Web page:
TSA chief John Pistole retiring at year's end

 John Pistole has been the Transportation Security Administration chief since June 2010.

Story highlights

  • Pistole is nominated to be president at his alma mater, Anderson University
  • TSA chief John Pistole surprises agency employees with announcement
  • Under Pistole, TSA backed off plan to allow small knives, other items back on flights
  • Lawmakers, union praise Pistole's leadership at TSA
Transportation Security Administration chief John Pistole said Thursday he will resign at the end of the year, ending his run as the longest-serving administrator of the government agency entrusted with keeping terrorists off planes, trains and other means of transport.
Pistole, 58, who was the FBI's deputy director before joining the TSA more than four years ago, made the surprise announcement to employees at a town hall meeting, which was broadcast to TSA facilities nationwide. He has been nominated to become president of Anderson University, a private Christian university in central Indiana where he earned his undergraduate degree in 1978.
During his tenure, Pistole became a forceful advocate of "risk-based security" in which the government sought to mitigate risks by taking certain precautions and of the TSA's PreCheck program, which employed that philosophy to reduce checkpoint lines.
But risk-based security also factored into his most public misstep. In 2013, Pistole announced the TSA would allow small knives and certain other banned items onto aircraft, saying their risk had been mitigated by locked cockpit doors. The change would have brought the United States into alignment with other countries that allow such items.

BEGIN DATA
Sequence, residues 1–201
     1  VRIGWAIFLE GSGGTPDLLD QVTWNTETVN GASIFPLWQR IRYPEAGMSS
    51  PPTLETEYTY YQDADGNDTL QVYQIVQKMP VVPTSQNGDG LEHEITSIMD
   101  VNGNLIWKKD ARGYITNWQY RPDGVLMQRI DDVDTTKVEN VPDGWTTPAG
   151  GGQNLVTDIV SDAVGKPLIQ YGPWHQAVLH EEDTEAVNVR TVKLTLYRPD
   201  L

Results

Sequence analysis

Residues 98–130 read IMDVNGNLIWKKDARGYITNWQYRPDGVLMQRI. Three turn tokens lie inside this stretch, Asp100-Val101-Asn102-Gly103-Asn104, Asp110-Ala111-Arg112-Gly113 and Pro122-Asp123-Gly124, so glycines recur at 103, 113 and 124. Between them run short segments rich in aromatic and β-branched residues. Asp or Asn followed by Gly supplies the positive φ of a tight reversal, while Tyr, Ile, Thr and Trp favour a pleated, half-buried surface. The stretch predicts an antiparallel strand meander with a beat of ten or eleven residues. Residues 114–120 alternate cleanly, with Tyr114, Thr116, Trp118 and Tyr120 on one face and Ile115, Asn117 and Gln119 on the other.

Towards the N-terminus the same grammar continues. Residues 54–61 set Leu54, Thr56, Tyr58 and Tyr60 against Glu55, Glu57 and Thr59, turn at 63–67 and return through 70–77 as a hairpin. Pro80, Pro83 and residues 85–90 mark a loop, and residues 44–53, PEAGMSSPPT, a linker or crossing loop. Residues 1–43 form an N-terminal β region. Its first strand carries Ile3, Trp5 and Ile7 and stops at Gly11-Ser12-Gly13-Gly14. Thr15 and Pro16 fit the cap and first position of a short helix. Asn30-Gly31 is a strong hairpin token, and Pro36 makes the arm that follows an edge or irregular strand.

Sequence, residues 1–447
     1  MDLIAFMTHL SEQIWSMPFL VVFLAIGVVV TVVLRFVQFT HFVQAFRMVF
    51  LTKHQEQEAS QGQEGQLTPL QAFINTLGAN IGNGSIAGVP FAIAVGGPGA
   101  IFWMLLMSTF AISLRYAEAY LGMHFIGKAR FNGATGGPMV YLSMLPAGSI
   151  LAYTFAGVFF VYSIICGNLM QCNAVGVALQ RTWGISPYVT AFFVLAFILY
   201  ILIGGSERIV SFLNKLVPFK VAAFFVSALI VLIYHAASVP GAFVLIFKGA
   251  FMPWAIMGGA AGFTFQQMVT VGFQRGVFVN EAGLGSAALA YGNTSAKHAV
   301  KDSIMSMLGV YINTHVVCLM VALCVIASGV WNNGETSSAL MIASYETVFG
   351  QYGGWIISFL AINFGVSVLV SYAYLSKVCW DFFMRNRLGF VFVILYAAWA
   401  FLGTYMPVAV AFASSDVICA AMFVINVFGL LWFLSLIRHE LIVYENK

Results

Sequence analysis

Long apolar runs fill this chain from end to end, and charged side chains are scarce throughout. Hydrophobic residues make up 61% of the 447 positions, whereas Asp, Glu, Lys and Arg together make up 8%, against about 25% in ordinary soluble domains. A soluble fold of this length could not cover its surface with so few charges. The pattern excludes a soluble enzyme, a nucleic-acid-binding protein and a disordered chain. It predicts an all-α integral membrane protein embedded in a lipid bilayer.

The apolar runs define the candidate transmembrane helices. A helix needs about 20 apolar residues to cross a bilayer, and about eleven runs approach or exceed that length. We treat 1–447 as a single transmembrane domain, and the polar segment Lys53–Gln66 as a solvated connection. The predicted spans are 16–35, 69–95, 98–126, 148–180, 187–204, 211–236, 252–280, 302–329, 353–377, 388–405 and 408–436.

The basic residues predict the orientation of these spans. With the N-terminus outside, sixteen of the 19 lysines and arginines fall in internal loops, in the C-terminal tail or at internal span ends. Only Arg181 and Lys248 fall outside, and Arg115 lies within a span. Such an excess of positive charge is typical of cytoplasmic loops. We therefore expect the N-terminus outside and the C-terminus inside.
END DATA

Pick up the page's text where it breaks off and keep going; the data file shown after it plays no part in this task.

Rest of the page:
The knife announcement met with an instant and furious response from flight attendants, pilots, passengers and lawmakers. The TSA pulled back the plan shortly before it was to take effect and later abandoned the idea altogether.
On Thursday, some members of Congress and employee groups lined up to give accolades to Pistole.
U.S. Rep. Bennie Thompson, D-Mississippi, ranking member on the House Committee on Homeland Security, cited Pistole for his work on the PreCheck program and for his decision to allow airport screeners the right to bargain collectively.
The American Federation of Government Employees, which represents 45,000 airport screeners, said Pistole's efforts had led to "advances in safety, working conditions, and morale."
Pistole became administrator in June 2010.
In a statement Thursday, Pistole thanked TSA employees for their work. "I could not be more proud of all that our employees have accomplished together, particularly what they have done to help enhance the effectiveness and efficiency of transportation security while improving the passenger screening experience."